Background Both acute kidney injury (AKI) and chronic kidney disease (CKD) are important issues in patients undergoing coronary artery bypass grafting (CABG), particularly with regard to mortality. However, their synergistic or discrete effects on long-term mortality remain unresolved. Methods A total of 1,899 patients undergoing CABG were retrospectively analyzed. The adjusted hazard ratios for all-cause mortality were calculated after stratifying the timeframes. To evaluate the synergistic effects between AKI and CKD, the relative excess risk due to interaction was applied. Results The presence of AKI, CKD, or both increased the hazard ratios for mortality, compared with the absence of both: AKI alone, 1.84 (1.464-2.319); CKD alone, 2.46 (1.735-3.478); and AKI and CKD together, 3.21 (2.301-4.488). However, the relationships with mortality were different between AKI and CKD, according to the timeframes: AKI primarily affected early mortality, particularly within 3 years, whereas CKD had a relatively constant effect on both the early and late periods. When the parameters from the relative excess risk due to interaction were obtained, there was a synergistic additive effect on early mortality between AKI and CKD. Conclusions The relationships with mortality after CABG were different between AKI and CKD. However, their effects were not exclusive but synergistic.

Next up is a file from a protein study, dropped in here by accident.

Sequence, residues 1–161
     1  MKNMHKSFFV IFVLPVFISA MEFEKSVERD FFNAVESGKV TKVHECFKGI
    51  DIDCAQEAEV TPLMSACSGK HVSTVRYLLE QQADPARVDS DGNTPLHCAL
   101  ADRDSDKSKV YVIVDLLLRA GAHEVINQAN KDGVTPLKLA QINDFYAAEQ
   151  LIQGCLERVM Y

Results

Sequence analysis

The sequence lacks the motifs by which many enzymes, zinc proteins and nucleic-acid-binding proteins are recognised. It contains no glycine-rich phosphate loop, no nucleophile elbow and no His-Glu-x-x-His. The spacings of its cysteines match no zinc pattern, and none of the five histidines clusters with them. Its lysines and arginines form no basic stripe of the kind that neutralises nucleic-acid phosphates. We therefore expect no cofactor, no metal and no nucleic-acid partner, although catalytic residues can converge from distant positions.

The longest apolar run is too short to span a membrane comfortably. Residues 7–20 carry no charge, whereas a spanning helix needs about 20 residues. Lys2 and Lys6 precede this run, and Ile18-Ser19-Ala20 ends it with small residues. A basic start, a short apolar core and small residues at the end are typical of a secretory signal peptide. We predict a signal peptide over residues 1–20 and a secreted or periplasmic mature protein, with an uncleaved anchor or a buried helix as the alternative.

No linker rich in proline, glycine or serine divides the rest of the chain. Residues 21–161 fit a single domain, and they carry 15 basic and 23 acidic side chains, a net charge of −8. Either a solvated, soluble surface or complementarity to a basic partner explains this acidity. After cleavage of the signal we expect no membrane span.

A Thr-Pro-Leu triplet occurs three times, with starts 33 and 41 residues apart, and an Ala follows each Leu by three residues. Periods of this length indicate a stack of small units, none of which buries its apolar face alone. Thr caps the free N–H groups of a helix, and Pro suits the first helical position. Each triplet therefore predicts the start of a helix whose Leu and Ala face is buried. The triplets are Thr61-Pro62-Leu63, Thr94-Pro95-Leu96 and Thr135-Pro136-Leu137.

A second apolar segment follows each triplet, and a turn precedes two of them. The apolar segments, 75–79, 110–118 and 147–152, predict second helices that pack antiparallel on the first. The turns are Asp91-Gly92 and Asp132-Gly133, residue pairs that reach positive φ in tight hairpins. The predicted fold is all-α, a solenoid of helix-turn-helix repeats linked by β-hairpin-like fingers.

ASJC Scopus subject areas
- Cardiology and Cardiovascular Medicine